Interleukin-1 (IL-1) was initially described as lymphocyte-activating factor (LAF) and endogenous pyrogen (EP) for its proinflammatory, immunostimulant, and chemotactic properties (4,5). The genes of the IL-1 complex code for three proteins: IL-1 a, IL-1P, and the IL-1 receptor antagonist (IL-1Ra). The net plasma IL-1 activity is influenced by the balance between the levels of IL-1P, the major extracellular agonist, and that of IL-1 Ra (6).
Leukemic CLL cells spontaneously produce IL-1P (7-9) and also express the IL-1P receptor (10). Although this cytokine does not induce proliferation of CLL cells, it is capable of protecting CLL lymphocytes from apoptosis, both spontaneous and induced by hydrocortisone, supporting its potential role as an autocrine survival factor in CLL (11).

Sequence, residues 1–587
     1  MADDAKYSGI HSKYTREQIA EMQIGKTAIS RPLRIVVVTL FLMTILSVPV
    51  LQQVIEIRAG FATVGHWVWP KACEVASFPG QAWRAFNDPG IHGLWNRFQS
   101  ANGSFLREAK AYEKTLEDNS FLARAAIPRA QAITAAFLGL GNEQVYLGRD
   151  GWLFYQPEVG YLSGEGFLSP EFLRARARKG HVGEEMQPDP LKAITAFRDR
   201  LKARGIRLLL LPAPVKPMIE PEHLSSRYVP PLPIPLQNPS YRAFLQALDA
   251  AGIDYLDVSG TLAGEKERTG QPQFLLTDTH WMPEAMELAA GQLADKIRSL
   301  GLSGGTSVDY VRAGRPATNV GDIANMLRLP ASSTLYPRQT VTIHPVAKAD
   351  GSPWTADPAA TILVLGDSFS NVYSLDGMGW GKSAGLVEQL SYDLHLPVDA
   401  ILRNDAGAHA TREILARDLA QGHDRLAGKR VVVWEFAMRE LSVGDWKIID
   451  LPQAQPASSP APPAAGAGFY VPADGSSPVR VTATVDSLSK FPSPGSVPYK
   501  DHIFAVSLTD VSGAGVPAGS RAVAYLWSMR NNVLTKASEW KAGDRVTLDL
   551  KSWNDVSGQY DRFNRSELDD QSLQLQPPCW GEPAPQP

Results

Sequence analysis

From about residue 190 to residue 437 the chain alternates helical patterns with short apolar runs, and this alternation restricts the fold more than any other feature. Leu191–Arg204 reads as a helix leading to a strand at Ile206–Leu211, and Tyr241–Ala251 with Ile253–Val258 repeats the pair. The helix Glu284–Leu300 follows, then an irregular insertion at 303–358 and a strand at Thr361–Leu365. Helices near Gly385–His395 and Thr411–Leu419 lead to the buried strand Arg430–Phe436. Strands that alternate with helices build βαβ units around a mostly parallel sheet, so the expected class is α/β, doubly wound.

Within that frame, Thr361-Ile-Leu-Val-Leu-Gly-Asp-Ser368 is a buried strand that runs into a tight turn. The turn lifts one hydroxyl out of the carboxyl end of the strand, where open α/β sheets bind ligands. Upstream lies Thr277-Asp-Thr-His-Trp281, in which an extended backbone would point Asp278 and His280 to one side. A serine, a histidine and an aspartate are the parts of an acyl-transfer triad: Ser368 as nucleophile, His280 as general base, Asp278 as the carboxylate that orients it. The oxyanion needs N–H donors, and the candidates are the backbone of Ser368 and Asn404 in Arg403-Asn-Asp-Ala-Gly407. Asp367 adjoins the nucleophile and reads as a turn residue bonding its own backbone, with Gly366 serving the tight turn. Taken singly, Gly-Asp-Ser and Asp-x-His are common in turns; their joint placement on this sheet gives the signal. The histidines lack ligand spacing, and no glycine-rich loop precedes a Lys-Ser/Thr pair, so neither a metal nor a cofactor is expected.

However, the production of IL-1 by CLL lymphocytes correlates inversely with the stage of the disease. In fact, whereas cells from patients with stable disease have been shown to secrete near normal levels of IL-1P, B-cells from patients with progressive CLL produce lower amounts of the cytokine (12,13). Given the immunomodulatory activities of IL-1, this reduced production in progressive CLL patients might have a role in the reduced immunological control of the disease, although this aspect of the role of IL-1 in CLL has been less investigated.
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